How To Conquer A Learning Plateau

Feel a little stuck in your learning journey? The hump can be overcome by making small but smart moves in your daily practice. Here are some tips to try.
Pausing to reflect or make a detour in the course of your learning can help you make greater headway.
Pausing to reflect or make a detour in the course of your learning can help you make greater headway.

If you notice little progress in deepening the proficiency of a skill, you might have hit a learning plateau. This can happen at any stage of learning.

Your progress might even have lows when you feel that your skills are not improving, even as you put more time into practice. This feeling can be discouraging for novices and experts alike. But by making small shifts and doing things differently, you can tackle a learning slump.

Reflect: Am I Trying to Gain Too Many Skills at Once?

Before making any new moves, it’s useful to reflect on what might be holding you back from making progress. Once you have a better understanding of your obstacles, aim to also get a clearer idea of your strengths, available resources and preferred learning style.

Consider keeping a learning journal with regular reflections:

  • Which part of the topic or task am I still unfamiliar with?
  • Which challenging topic or task do I tend to avoid? Why so?
  • Who can I ask that might be more knowledgeable or experienced about this?

After identifying the plan for improvement, author James Clear of Atomic Habits recommends focusing on only one thing at a time to boost your chances of implementing a new habit or mastering a skill. Committing to only one new habit will drastically increase your chances of success.

Using unfamiliar methods gives you a new way to tackle problems, which will expand your capabilities.

Reflect: Am I Doing the Same Thing Over and Over Again, With No Results?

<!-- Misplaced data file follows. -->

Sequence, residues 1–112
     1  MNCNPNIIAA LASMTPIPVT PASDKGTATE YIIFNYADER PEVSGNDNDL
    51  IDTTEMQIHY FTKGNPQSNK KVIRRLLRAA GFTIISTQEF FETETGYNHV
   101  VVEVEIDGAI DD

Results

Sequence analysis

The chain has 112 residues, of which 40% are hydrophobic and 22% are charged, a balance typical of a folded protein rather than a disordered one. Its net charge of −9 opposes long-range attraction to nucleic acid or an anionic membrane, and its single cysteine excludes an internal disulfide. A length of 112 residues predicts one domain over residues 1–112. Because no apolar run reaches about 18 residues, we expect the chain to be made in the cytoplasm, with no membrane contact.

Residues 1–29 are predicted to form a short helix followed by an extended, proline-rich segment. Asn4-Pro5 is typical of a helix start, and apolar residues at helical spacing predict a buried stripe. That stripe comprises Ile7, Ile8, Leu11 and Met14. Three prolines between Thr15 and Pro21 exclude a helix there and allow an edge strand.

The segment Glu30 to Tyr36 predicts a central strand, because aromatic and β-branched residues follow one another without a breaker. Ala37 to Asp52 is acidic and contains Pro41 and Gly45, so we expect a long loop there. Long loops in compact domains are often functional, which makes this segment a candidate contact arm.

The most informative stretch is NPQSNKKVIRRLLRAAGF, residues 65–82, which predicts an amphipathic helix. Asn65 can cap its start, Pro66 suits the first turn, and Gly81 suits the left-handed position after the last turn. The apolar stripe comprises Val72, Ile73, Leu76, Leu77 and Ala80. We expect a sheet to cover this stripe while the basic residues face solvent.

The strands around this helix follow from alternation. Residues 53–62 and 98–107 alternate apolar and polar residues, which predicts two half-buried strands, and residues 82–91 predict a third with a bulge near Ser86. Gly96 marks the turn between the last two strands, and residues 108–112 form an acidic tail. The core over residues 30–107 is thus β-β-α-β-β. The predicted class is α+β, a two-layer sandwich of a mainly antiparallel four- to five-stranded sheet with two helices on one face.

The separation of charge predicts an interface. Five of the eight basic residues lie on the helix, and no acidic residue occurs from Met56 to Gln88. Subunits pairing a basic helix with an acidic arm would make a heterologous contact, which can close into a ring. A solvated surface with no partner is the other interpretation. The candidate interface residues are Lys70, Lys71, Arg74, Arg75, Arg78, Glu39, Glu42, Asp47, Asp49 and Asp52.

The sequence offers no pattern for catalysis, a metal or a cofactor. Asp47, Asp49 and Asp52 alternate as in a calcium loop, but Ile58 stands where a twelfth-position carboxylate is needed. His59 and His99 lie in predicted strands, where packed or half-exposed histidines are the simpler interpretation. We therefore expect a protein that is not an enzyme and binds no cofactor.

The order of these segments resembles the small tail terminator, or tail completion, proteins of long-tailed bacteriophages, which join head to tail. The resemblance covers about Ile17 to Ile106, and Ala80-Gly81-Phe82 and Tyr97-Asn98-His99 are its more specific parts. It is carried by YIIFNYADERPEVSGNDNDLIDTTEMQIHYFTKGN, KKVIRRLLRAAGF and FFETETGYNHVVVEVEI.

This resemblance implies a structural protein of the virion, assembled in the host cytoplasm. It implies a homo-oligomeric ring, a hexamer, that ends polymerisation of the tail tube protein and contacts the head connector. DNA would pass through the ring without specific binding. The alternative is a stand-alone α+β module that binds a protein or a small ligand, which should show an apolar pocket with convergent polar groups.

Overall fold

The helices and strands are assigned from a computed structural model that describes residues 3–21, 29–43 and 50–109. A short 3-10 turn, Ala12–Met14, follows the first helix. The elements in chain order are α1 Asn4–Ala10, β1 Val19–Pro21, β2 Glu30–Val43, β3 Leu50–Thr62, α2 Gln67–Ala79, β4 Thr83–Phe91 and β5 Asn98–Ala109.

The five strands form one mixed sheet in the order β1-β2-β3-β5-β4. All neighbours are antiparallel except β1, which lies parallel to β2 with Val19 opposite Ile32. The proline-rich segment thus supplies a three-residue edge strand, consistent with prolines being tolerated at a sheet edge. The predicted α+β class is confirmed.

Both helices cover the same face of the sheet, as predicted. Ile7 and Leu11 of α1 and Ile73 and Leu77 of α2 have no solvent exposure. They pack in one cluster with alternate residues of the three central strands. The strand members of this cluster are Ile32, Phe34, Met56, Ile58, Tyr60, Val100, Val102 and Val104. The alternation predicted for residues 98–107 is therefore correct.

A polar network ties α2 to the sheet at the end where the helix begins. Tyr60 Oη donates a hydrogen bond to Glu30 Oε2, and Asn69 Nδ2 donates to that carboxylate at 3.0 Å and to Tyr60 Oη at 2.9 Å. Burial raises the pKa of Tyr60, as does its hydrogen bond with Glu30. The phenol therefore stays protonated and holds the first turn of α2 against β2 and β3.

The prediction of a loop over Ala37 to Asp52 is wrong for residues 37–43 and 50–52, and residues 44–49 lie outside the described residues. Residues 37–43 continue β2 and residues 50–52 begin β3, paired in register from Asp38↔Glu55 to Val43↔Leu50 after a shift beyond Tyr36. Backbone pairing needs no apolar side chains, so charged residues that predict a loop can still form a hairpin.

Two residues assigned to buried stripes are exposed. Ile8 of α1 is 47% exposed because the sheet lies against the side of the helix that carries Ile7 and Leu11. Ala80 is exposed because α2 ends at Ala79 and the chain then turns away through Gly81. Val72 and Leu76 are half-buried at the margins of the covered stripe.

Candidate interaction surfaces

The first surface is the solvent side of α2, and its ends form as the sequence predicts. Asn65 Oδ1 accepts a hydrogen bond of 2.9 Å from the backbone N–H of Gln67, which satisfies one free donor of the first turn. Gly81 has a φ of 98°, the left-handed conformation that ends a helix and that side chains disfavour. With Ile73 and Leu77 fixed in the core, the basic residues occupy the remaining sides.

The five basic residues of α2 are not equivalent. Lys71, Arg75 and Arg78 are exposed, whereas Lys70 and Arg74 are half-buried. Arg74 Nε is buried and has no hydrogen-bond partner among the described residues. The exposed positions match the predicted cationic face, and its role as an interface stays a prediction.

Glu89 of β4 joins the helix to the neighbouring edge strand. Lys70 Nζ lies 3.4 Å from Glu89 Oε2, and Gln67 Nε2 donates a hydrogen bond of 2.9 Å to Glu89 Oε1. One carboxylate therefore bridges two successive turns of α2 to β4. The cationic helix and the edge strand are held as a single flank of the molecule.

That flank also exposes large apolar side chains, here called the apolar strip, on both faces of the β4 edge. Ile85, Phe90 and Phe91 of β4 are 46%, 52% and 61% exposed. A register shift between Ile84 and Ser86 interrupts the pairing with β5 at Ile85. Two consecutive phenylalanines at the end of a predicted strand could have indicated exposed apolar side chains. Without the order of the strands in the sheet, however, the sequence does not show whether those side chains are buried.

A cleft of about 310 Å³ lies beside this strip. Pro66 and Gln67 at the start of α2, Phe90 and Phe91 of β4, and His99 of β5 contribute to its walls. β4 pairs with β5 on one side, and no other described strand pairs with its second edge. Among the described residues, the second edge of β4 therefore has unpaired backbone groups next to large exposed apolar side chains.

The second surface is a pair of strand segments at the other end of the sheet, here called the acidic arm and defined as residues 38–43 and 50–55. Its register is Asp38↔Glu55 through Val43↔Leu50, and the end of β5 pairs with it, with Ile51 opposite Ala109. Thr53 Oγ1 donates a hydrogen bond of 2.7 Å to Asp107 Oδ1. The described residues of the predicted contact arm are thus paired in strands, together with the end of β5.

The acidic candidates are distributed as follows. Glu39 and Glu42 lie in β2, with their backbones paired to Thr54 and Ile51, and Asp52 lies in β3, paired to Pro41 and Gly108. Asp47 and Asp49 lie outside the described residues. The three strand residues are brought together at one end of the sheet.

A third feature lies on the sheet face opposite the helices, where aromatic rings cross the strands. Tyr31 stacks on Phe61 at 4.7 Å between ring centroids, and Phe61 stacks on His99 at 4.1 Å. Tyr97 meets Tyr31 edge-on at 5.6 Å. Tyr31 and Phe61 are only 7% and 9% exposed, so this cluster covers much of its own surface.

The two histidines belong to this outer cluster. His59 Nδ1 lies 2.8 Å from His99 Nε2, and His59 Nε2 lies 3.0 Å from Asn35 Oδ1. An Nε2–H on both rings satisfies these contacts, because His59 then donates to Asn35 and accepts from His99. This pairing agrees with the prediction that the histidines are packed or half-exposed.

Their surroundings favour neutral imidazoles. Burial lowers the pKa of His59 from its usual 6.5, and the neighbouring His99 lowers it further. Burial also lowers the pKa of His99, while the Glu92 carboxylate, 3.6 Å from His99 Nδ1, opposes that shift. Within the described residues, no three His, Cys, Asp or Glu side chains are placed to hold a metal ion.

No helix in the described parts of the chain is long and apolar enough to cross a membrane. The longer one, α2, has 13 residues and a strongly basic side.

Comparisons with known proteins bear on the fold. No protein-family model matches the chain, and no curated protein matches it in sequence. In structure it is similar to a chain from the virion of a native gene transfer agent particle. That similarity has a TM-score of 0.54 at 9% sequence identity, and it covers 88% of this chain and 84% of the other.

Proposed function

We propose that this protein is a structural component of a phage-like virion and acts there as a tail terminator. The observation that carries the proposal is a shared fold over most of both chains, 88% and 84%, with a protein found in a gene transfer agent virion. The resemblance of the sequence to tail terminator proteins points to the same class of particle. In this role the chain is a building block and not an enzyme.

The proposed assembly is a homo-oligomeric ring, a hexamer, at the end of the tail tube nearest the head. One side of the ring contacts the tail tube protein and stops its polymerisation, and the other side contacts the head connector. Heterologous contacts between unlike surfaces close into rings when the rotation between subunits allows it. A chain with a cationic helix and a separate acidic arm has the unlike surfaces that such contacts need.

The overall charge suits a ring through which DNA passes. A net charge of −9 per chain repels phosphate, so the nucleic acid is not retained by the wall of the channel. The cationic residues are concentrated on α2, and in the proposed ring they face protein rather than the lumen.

A common adage goes: it takes 10,000 hours of practice to master a skill. However, repeating the same techniques and skills without making progress might soon make you lose motivation.

Adjust your practice by adding variety. This could help you cut the time needed to make a leap in learning and keep you motivated. For example, a budding guitarist may know how to play several individual chords. Instead of practising the same chords in the same sequence over and over, vary the learning by playing different songs or orders of randomly generated chords.

Scott H. Young, author of the book Ultralearning, recommends practising skills while avoiding one’s dominant strategy. For example, a rock climber who often uses quick, explosive jumps can try a new style by adding a constraint of pausing for a while before making the next move.

Using unfamiliar methods gives you a new way to tackle problems, which will expand your capabilities. Challenging yourself this way could also show you the limitations of the methods you are already most comfortable with.

best tips for overcoming a learning slump

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Reflect: Am I Asking the Right Questions To Make Progress?

Asking questions and doing self-tests of your knowledge makes you a more active learner. Instead of simply following instructions or a set syllabus, it may be more helpful to understand the purpose or the process behind why something should be done in a certain way.

With the example of the budding guitarist, a learner who feels stuck could delve into music theory or investigate why certain chords are more challenging to play in sequence.

A hobbyist chef or baker could study the chemistry of which ingredients work best to bring out desired flavours, or how different cooking techniques affect the final output.

An important question to revitalise your learning is reflecting on why you want to keep learning a skill. Has the purpose of learning this skill changed? Has your interest in a hobby wavered? What was the initial motivation for starting on this learning journey?

Sometimes, it could be a matter of bad timing, the authors of The Plateau Effect: Getting from Stuck to Success suggest. In this case, it may be worthwhile to simply wait and take a break before resuming your learning or practice. Periods of rest and inactivity are vital to helping you recharge.

Act: Keep At It

If you’ve decided that a skill or hobby is worth your effort, press on. Psychologist and professor Angela Duckworth at the University of Pennsylvania defines “grit” as “the perseverance and passion for a long-term goal”.

A test she developed, called the Grit Scale, measures how much grit a person has. The test has been used with thousands of military cadets, college students and spelling bee competitors. She found that grit was a stronger measure of success, above other metrics such as self-control and verbal ability.

It is easy to worry about being stuck at your current level, or how far away you are from a goal. With reflection and clarity on the next steps, you might just be one or two small corrections away from making a big leap in progress.

    Mar 29, 2023
    Amos Ng
    Siti Maziah Masramli
    Liew Xinyi
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